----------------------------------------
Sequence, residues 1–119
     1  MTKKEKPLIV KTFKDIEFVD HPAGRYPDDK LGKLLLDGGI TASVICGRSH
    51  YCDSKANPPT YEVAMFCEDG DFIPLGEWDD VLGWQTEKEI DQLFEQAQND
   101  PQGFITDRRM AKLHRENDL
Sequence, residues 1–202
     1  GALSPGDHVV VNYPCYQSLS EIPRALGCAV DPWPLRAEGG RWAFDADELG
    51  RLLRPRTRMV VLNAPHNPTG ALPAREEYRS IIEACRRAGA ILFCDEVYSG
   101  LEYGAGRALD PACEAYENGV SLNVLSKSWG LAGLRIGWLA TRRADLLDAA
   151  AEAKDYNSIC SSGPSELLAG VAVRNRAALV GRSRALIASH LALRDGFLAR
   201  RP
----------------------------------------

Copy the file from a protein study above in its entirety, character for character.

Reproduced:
Sequence, residues 1–119
     1  MTKKEKPLIV KTFKDIEFVD HPAGRYPDDK LGKLLLDGGI TASVICGRSH
    51  YCDSKANPPT YEVAMFCEDG DFIPLGEWDD VLGWQTEKEI DQLFEQAQND
   101  PQGFITDRRM AKLHRENDL
Sequence, residues 1–202
     1  GALSPGDHVV VNYPCYQSLS EIPRALGCAV DPWPLRAEGG RWAFDADELG
    51  RLLRPRTRMV VLNAPHNPTG ALPAREEYRS IIEACRRAGA ILFCDEVYSG
   101  LEYGAGRALD PACEAYENGV SLNVLSKSWG LAGLRIGWLA TRRADLLDAA
   151  AEAKDYNSIC SSGPSELLAG VAVRNRAALV GRSRALIASH LALRDGFLAR
   201  RP